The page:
By Alleen Brown
By Maggie LaMaack
By CP Staff
By Jesse Marx
By Jesse Marx
By Maggie LaMaack
By Jake Rossen
Such efforts have started to make modest inroads against the stigma surrounding HIV infection in African cultures. In the past year, Siona Nchotu, the woman who addressed the conference at the Brian Coyle Community Center, has spoken publicly numerous times about living with HIV. Back in 2002, before she was diagnosed with the disease, Nchotu says she was on the verge of death. She recalls that at one point it took her two hours to walk the three blocks from her home to Abbott Northwestern Hospital for a doctor's appointment. At the time, she believed she was suffering from some kind of lung infection. After arriving at the hospital she went into a coma that lasted five days, and she was diagnosed with HIV. Her T-cell count was virtually nonexistent. A Pentecostal Christian, she credits the mercy of God as much as medical science for saving her life. "With God all things are possible," she says.
When Nchotu initially returned home from the hospital after learning of her diagnosis, even her own children avoided her. "They were afraid," she relates. "I believe it was ignorance. They were not well-informed. When they first learned I was infected, they got mad."
Nchotu says that she decided to go public with her story in order to prevent other people from dying needlessly. Prior to leaving Cameroon, she lost family members to the disease. She is currently raising money to return to her homeland next year and speak about living with HIV.
"The stigma is an issue that we have to fight and get rid of," she says. "HIV is just a disease like any other disease. You can still get married. You can still have children. It's a disease just like any other disease."
In the months after Maria Juma initially tested HIV-positive, her physical condition deteriorated markedly. Despite being prescribed a course of antiretroviral drugs, she became physically weak. "I could not even use the walking stick that I was given," she recalls. "My legs could not carry me anymore. I was in a wheelchair. I could not put myself to bed. I could not do anything for myself."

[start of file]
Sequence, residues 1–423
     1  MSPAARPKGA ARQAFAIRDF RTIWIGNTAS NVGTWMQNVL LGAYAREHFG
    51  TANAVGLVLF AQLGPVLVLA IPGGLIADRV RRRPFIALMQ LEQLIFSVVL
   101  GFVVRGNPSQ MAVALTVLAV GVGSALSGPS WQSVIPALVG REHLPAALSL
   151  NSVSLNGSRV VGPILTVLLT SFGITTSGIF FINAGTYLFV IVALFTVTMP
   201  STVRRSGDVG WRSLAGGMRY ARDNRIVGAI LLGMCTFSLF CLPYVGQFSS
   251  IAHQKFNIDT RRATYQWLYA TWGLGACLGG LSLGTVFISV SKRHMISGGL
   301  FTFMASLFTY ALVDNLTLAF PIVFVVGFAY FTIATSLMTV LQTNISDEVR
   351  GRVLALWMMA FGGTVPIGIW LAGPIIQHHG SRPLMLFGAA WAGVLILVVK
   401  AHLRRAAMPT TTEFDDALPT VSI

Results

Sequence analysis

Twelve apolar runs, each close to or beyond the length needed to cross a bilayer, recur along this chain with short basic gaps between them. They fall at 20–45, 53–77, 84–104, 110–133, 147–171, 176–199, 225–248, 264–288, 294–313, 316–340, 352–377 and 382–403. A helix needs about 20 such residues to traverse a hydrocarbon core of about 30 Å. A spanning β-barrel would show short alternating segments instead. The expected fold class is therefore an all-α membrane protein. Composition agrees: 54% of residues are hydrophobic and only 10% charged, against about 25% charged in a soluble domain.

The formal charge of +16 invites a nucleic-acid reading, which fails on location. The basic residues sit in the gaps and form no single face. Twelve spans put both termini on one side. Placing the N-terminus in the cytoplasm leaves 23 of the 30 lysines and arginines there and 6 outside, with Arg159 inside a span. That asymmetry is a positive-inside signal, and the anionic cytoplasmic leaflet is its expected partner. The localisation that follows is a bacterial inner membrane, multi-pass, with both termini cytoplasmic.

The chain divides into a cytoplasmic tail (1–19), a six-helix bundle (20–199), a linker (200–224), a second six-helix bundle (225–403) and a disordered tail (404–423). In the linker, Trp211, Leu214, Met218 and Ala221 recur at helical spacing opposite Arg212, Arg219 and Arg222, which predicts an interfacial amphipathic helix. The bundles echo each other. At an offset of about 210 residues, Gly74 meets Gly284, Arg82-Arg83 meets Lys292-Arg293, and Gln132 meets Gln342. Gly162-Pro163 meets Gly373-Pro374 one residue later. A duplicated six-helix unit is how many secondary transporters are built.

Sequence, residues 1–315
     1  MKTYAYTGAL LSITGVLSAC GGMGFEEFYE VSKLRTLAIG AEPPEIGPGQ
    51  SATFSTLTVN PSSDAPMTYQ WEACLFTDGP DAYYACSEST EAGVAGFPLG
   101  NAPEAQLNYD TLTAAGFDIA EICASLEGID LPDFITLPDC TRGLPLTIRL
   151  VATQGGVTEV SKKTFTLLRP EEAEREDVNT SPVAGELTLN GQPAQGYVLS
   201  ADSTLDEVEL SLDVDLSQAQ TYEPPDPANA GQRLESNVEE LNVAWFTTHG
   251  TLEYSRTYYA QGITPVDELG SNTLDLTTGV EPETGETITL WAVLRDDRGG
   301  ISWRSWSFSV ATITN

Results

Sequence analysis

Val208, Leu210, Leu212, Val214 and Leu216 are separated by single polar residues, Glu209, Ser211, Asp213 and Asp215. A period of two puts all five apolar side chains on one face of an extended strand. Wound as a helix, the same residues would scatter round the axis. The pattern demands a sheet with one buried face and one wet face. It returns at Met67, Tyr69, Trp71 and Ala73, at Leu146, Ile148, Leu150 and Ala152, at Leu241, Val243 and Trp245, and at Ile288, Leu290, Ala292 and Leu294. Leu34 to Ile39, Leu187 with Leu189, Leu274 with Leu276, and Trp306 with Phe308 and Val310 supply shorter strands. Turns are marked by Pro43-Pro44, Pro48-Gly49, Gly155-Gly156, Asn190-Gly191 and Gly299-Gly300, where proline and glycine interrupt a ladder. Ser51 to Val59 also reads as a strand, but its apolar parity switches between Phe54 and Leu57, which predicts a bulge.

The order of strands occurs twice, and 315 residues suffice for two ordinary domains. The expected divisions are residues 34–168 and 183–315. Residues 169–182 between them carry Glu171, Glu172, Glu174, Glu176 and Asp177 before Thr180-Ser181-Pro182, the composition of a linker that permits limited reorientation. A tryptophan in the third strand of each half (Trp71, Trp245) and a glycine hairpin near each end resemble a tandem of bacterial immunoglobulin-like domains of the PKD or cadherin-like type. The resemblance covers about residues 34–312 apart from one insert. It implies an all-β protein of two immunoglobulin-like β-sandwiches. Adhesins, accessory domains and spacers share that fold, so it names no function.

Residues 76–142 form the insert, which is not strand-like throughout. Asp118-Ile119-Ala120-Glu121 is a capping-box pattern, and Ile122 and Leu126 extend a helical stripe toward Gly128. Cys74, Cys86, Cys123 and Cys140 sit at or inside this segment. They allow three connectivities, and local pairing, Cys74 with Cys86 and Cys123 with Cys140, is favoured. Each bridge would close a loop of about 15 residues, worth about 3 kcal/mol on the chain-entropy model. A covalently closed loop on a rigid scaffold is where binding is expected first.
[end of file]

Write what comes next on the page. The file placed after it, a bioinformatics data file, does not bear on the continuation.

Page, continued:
Juma continued to hide her condition from friends, telling them that she was suffering from a neurological disorder. Her T-cell count dropped below 200, meaning that she had full-blown AIDS. Juma believed she was going to die. Unable to work, she and her husband were forced to apply for food stamps. At one point they paid the rent and the heating bill with an emergency-assistance grant from Ramsey County. "We just prayed," Juma says. "We just prayed that God give us encouragement."
After changing doctors and switching to a new course of anti-AIDS drugs, Juma began to regain strength in April of last year. She was able to abandon the wheelchair. Her viral load dropped to nearly undetectable levels, where it remains to this day. This summer she began working again part-time as a home health aide. On most days Juma's physical discomforts are minimal. "In the morning when I get up, maybe I don't feel like doing anything and I don't have any appetite," she says.
Juma credits the combination of medicine and prayer for her recovery. "I believe God helped a lot," she says. Even so, Juma is still wary of what the future holds. Because she is in the country on a temporary visa, she could eventually be forced to return to Kenya. She's in the process of applying for permanent resident status, but is uncertain if the application will be accepted.
If Juma does eventually return to her homeland, she fears that the life-saving medications she now relies on will no longer be available. In Kenya, as in most of Africa, HIV-infection remains an almost certain death sentence. "They think your case is done," she laments. "There's no sense in wasting drugs or money on you. If I go back there, I don't know how I will survive."